(This article was originally featured on The Columbia Journalist on March 13, 2015)
(The installation “Matthew Weiner’s Mad Men” shows costumes and props for characters Don Draper, Peggy Olson, Joan Holloway Harris, and Roger Sterling. Photo: Thanassi Karageorgiou / Museum of the Moving Image)
Cheerful mod mini-dresses and gray flannel suits helped define an explosive decade and are now part of a new show at the Museum of the Moving Image celebrating the TV show “Mad Men.”
Props and sets used on the acclaimed AMC series go on view Saturday at the Museum of the Moving Image in Astoria. The exhibit, titled “Matthew Weiner’s Mad Men,” honors the creative process behind bringing the world of the 1960s to life. The exhibition is one part of several events this spring celebrating the series finale.
Set in the sexy, cut-throat world of Sterling Cooper & Partners, “Mad Men” depicts Madison Avenue’s advertising industry in the 1960s, a time of political and social tumult, and great cultural change. Sterling Cooper is a place where sex, drink and competition combine to make a provocative brew. Jon Hamm stars as Don Draper, an ad executive with a shadowy past and complicated life. The show, which has won 15 Emmy Awards, premiered in 2007. Television critics believe “Mad Men” is one of the most influential programs of the last decade.
Curator Barbara Miller worked with the AMC network and production company Lionsgate to bring hundreds of items from the Los Angeles sets to New York. Along with 33 costumes, two complete sets and hundreds of props, the exhibit also features reference materials from the show’s writer’s room. “Mad Men” creator Matthew Weiner gave the museum access to writers’ notes and early drafts.
There’s an ad hanging on the wall for Hershey’s chocolate bars. The price? 10 cents! There are also classic cereal boxes and old cans of baked beans displayed in glass cases.
Weiner, who created the iconic series, has loaned his notes from various stages of script development. They, too, are displayed in a glass case.
One characterization note on Pete Campbell, the infamous corporate climber at the ad agency, reads, “Pete can’t drive.” It’s a reference to the episode in which Campbell crashes a test model car. Another note says, “production moves to consumption,” referring to how much of ’60s advertising was aimed at selling commodities people didn’t necessarily need but wanted to have,
Along the walls next to the case are Weiner’s journal entries tracking as far back as the early 1990s when he first developed the ideas that would become “Mad Men.” One page from January 1993 reads, “Surely if he [Don Draper] leaves two families, they should have some … in his future. Take his long lost brother Adam. What becomes of him?”
Fans seeking clues or spoilers as to how “Mad Men” will end later this spring will be disappointed.
“They didn’t show them to us and we didn’t ask for them,” said Carl Goodman, the museum’s executive director.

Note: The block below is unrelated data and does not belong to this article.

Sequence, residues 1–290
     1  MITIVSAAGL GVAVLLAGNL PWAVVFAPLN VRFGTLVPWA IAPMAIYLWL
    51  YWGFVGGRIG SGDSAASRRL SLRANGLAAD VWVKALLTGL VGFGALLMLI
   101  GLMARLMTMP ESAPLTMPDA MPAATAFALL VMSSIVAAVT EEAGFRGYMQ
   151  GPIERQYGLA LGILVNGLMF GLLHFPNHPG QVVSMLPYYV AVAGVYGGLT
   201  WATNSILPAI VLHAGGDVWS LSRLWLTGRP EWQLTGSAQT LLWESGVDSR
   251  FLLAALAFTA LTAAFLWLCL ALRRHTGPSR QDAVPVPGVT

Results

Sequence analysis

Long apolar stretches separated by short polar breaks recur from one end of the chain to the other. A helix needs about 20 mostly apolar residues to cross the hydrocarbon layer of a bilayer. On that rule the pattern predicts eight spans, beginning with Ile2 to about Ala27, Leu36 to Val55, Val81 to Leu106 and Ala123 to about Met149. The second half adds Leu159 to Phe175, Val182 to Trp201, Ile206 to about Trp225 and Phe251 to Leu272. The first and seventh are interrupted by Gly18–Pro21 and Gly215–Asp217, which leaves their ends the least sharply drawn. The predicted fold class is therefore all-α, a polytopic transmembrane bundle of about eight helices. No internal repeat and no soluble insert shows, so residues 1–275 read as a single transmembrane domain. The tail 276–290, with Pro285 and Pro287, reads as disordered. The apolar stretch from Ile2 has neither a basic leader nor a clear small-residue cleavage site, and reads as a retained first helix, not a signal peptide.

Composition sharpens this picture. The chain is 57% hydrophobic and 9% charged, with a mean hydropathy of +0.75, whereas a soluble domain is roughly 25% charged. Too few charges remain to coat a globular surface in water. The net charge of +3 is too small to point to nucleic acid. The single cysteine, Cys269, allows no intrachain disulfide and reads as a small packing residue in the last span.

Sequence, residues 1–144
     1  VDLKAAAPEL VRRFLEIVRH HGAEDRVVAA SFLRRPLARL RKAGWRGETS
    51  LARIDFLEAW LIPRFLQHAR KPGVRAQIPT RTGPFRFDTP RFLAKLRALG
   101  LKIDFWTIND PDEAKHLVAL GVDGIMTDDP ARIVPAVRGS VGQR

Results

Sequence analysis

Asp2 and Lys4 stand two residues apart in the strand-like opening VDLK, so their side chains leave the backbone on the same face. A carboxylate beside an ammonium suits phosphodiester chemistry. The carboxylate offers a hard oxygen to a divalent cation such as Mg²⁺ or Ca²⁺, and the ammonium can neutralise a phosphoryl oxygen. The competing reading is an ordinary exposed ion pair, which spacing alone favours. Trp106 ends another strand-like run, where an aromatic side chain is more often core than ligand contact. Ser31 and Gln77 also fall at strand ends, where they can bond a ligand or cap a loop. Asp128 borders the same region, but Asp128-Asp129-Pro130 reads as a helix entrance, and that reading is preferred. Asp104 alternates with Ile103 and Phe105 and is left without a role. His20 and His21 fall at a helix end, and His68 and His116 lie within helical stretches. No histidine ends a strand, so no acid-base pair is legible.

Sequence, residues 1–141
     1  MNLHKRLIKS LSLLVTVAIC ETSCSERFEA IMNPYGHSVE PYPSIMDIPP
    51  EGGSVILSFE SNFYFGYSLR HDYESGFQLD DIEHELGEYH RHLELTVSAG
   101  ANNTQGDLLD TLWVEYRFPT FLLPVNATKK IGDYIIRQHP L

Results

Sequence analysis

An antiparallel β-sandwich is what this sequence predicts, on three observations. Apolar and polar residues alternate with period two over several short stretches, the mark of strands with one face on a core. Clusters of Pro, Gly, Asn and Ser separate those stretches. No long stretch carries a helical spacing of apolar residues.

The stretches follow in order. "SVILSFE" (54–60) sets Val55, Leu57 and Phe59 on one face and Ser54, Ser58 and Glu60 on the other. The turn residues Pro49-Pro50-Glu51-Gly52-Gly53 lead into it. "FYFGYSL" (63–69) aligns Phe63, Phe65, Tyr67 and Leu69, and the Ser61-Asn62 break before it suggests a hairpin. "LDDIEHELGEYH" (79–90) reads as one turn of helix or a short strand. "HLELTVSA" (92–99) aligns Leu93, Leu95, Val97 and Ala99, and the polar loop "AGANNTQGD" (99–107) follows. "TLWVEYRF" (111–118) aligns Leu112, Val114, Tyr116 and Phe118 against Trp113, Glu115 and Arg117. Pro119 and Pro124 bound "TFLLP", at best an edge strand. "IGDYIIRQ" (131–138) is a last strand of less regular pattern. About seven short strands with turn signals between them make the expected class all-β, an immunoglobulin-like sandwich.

But those looking for behind-the-scenes tidbits about their favorite characters and scenes will find a lot at the museum.
The first large display in the exhibit is the series’ writer’s room. The space that represents the heart of the foundation for the series is given just as much importance as the sets and costumes. There’s a shelved wall filled with reference books on ‘60s history, advertising and culture. The back wall has whiteboards with staging direction notes and photos of each major character taped to the wall. On the long meeting desk sits a MacBook, current trade magazines, notepads and a vintage bubble gum box to remind the writers that they are writing about the past.
The soundtrack to the section of the exhibit where the majority of the costumes are displayed is Megan Draper’s rendition of “Zou Bishou Bishou.” Don’s box of secrets from his life as Dick Whitman is the hidden highlight of the room. Fans will instantly recognize proof of his divorce from Anna as well as his Korean War mementos. Betty’s house clothes, Pete Campbell’s preppy business suits and the dresses Joan wears that cinch her hourglass figure are also featured.
Jane Bryant, the TV show’s costume designer, allowed the museum to set up her reference boards next to each costume. Each board has photos of previous outfits and fabric swatches as well as similar styles from the period.
The Draper kitchen set from seasons 1 through 4 and Don’s office from seasons 4 through 6 are must-sees for fans. Everything from half-eaten Utz potato chips to the wooden dining table is included. Most of the kitchen props date from earlier than the show’s official timeline to reflect the many years Don and Betty were married. Don’s office is carefully arranged to show ashtrays, paperwork and the ubiquitous liquor cart.
Concurrent with the exhibit, the museum is screening a film series called “Required Viewing: Mad Men’s Movie Influences,” from March 14 to April 26.
Weiner curated a list of 10 movies that he says influenced his vision for the show. They include Alfred Hitchcock’s stylish thriller “North by Northwest,” starring Cary Grant, who cuts a suit as dandily as Draper and has the same slicked back hair; Billy Wilder’s “The Apartment,” which stars Jack Lemmon as an up-and-coming exec who lets his bosses use his apartment for affairs; and “The Bachelor Party,” a 1957 story written by Paddy Chayefsky about a night of drinking and discovery.
“Matthew Weiner’s Mad Men” runs at the Museum of the Moving Image through June 14.